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Rogue Violin bass help

Discussion in 'Basses [BG]' started by AnthonyCastillo, Feb 20, 2020.

  1. AnthonyCastillo

    AnthonyCastillo Commercial User

    Feb 20, 2020
    So I recently got a rogue violin bass and the bridge is kind of off to the side a bit and I need help trying to readjust it and get a good sound and feel out of playing it. What should I do?
    leftybass54 likes this.
  2. GIBrat51

    GIBrat51 Innocent as the day is long Supporting Member

    Mar 5, 2013
    South Bend, Indiana
    DSCN0011.JPG DSCN0349.JPG EA-260.JPG First of all - welcome to Talk Bass! Next; about your Rogue VB-100... I have one, too; as well as a few others with similar bridges. So;
    - There are a number of basses and guitars with bridges like this - and trapeze tail pieces. This kind of bridge is known as a "Floating Bridge" - which means that it "Floats" on top of the body, and isn't attached to anything. The tension of the strings is what's holding it down onto the body. My Gretsch Broadkaster, and my '70s Epiphone EA-260, also have floating bridges.
    - So, will it move if you push/pull it one way or the other? Yes, it will; but with full string tension pushing down on it, you'll have to work at it. If you slacken off the strings, it should move easily. And, yes; if the strings get really slack, or you take them off? The bridge will fall right off... Like I said, only the string tension is holding it on. Although floating bridges work OK, they do have some drawbacks:
    1. Because they move, you can mess your tuning and intonation up pretty easily; especially when changing strings. If your bridge is where you want it, the easiest way to keep it there, is to change strings one at a time. But, you need to check it; and, don't be surprised if it moves a little, anyway...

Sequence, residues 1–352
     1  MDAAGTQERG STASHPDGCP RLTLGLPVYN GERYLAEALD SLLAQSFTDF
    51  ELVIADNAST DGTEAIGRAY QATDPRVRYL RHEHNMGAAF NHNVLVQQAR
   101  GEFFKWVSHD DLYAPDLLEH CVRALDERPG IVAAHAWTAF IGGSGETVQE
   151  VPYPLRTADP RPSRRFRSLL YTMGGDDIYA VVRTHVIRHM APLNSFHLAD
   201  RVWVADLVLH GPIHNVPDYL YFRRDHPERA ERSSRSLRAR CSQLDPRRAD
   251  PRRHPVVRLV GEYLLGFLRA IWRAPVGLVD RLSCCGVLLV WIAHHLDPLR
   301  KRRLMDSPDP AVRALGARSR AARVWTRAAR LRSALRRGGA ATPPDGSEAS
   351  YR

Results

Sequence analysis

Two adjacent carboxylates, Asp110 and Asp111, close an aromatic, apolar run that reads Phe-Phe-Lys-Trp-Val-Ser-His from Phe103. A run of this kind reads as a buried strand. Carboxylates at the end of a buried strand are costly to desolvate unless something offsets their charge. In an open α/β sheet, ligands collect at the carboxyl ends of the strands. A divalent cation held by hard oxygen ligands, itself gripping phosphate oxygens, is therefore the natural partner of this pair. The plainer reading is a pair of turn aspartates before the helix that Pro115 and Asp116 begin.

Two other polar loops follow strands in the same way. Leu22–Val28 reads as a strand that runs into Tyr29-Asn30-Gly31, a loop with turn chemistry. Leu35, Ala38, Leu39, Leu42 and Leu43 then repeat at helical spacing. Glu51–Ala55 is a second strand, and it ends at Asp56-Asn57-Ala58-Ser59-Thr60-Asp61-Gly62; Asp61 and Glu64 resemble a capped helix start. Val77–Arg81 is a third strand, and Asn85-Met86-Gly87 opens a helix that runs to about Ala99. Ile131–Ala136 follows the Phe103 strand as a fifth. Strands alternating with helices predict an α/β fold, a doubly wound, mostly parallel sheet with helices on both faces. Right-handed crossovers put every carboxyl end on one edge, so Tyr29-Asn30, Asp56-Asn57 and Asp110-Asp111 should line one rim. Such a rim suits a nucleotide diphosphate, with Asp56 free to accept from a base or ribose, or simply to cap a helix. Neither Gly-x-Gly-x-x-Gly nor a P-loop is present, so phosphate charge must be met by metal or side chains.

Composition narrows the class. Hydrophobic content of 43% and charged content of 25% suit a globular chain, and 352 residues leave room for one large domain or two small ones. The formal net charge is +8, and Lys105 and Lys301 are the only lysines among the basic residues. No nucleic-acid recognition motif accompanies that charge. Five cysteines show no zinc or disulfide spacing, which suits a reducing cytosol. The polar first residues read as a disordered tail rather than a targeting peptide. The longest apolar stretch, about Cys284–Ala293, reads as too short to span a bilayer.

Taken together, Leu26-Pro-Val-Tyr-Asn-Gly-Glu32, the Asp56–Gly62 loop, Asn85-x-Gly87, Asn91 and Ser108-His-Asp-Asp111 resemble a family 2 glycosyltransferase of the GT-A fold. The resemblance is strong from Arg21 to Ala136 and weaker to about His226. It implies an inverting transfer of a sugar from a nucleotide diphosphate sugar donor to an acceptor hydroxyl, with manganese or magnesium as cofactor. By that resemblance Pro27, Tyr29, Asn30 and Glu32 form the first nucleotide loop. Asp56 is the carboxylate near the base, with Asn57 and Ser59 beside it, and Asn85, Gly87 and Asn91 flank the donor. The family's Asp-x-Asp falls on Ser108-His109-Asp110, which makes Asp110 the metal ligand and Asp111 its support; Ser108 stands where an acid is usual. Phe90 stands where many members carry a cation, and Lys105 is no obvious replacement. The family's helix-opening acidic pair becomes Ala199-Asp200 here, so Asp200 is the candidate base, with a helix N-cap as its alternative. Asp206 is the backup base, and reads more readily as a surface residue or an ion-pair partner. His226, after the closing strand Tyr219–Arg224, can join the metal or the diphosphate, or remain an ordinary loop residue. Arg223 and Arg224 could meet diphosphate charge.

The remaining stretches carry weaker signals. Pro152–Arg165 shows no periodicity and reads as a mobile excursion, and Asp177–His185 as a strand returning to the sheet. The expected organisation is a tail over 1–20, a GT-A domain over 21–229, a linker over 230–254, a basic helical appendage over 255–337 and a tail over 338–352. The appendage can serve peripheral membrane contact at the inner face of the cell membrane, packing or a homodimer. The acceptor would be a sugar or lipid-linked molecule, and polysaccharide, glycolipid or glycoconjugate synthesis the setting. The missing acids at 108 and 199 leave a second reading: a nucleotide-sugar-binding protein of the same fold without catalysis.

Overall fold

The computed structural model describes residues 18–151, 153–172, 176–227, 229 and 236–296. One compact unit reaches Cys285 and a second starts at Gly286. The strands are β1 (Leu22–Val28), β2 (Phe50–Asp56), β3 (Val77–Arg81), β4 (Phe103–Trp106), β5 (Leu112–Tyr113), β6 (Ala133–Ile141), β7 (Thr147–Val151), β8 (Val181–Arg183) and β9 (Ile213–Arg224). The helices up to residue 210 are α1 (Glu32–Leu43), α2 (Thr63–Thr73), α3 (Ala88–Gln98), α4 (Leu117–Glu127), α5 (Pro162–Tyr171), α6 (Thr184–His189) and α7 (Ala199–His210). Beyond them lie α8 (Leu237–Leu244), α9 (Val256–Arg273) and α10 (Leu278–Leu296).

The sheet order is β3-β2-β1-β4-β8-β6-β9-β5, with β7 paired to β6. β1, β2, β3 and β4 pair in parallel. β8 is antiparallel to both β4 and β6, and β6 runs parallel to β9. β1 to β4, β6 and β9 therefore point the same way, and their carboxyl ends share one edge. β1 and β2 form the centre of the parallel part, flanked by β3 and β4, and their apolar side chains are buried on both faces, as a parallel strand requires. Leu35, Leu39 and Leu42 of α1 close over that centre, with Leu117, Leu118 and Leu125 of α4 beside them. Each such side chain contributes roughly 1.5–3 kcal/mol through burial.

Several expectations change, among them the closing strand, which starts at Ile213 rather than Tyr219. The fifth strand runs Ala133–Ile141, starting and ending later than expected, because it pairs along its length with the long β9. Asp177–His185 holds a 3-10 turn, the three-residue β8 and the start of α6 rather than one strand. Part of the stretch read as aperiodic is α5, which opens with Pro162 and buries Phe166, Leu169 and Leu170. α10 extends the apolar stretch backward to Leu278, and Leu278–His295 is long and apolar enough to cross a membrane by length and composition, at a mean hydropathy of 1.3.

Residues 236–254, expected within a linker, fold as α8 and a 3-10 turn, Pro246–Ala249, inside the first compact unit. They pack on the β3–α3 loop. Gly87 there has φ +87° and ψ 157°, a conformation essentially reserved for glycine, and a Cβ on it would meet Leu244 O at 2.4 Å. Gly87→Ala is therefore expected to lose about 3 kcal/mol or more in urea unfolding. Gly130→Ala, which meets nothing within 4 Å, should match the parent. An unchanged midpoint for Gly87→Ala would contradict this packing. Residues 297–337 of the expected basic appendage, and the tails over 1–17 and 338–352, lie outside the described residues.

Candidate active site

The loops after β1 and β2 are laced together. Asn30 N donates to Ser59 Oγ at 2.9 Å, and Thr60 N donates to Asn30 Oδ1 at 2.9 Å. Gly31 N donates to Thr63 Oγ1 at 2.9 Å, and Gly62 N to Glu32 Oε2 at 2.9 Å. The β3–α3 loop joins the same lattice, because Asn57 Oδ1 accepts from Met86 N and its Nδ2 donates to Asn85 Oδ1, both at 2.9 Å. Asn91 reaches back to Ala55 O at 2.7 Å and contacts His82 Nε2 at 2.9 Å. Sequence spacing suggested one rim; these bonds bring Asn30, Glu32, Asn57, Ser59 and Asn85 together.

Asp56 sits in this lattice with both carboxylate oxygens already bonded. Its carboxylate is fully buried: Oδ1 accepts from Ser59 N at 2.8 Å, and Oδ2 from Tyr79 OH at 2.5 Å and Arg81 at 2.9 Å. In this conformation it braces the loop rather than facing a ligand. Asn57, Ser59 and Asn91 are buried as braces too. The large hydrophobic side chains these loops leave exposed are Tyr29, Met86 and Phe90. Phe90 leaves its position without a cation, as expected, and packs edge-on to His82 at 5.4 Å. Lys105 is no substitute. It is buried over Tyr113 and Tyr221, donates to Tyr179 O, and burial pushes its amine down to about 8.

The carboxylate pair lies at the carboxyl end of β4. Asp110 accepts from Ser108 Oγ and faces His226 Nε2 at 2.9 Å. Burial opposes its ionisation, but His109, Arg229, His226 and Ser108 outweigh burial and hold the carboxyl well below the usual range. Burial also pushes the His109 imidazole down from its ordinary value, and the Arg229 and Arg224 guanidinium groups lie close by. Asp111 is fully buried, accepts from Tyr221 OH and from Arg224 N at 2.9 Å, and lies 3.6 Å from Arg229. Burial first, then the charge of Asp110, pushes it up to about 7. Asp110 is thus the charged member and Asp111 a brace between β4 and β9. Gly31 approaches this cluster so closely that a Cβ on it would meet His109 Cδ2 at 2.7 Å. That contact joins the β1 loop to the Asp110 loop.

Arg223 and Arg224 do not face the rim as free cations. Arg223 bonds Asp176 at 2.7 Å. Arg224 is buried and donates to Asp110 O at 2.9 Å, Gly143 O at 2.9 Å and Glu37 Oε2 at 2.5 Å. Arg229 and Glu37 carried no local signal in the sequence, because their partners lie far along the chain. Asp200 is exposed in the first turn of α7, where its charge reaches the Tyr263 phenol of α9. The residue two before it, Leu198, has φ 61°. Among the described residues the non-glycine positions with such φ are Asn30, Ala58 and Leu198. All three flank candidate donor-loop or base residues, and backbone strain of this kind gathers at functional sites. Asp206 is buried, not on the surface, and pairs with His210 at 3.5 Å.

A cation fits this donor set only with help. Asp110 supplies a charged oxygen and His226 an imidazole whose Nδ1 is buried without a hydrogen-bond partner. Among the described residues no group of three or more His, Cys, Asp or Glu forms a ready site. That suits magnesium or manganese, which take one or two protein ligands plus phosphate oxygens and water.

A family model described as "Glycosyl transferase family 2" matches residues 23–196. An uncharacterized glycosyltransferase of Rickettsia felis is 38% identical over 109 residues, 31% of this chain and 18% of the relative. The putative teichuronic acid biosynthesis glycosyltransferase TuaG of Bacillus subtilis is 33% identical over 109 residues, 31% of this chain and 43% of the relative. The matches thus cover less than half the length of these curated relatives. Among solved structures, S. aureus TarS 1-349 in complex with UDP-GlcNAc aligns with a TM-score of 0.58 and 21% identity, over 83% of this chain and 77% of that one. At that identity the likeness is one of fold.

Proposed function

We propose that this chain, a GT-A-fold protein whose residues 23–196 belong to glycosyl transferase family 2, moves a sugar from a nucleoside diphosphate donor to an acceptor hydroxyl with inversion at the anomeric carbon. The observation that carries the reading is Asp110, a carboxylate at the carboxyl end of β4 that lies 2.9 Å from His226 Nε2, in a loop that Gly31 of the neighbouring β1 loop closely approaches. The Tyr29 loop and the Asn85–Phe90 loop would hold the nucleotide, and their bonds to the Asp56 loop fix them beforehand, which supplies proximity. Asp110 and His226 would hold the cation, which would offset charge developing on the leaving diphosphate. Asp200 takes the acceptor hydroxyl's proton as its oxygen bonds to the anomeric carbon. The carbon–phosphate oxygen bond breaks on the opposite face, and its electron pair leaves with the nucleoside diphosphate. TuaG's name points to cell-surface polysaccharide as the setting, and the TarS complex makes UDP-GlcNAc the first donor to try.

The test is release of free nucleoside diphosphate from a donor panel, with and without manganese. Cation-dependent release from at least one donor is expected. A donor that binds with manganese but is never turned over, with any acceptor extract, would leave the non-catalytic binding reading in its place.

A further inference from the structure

2. If it does move - or falls off - you will have to re-position it. Which involves measuring the scale length down the neck, and very carefully placing the G string side of the bridge at the correct spot. Some people put actual marks on the bass where the bridge should sit (my Gretsch has those); the Epiphone has a little paper label that says "place bridge here". The Rogue? I have to go through the whole procedure. It's not hard, after you do it a few times. It's just fiddly and time consuming...
    So.. yes, you can move the bridge back to where it belongs. But, you will have to do some measuring to find out exactly where that spot is. Position it so that the G string saddle piece is exactly at the scale length spot. Starting with the bridge straight across the body (like the one on my Rogue), tune all the strings. Then check the G and E string intonation. If the G String is off a little, you can move the little saddle, or move the whole bridge up or back a hair. Then check the E string. If God's smiling on you, it will be intonated. If not, you can either move the saddle, or angle the whole bridge (which is quite common). Just be careful not to move the G string out of place. After you get the E and G strings intonated, check the other two. They may be intonated, but don't be surprised if they aren't. If they're close, you may be able to get them spot on with the saddle pieces. If not? You'll just have to be satisfied with "close enough". When these basses were popular, perfect intonation wasn't a big concern; nobody ever got up past the 12th fret, anyway. I got really lucky with my Rogue; the bridge is picture perfect, and with those Rotosound Tapes, it intonates perfectly, too..
    So, anyway... welcome, again. Enjoy your Rogue; they're a lot of fun, once you get them sorted. And, please join us on the Rogue VB-100 Owners Club...:thumbsup:
    Last edited: Feb 20, 2020
    leftybass54 and iagtrplyr like this.
  3. Primary

    Primary TB Assistant

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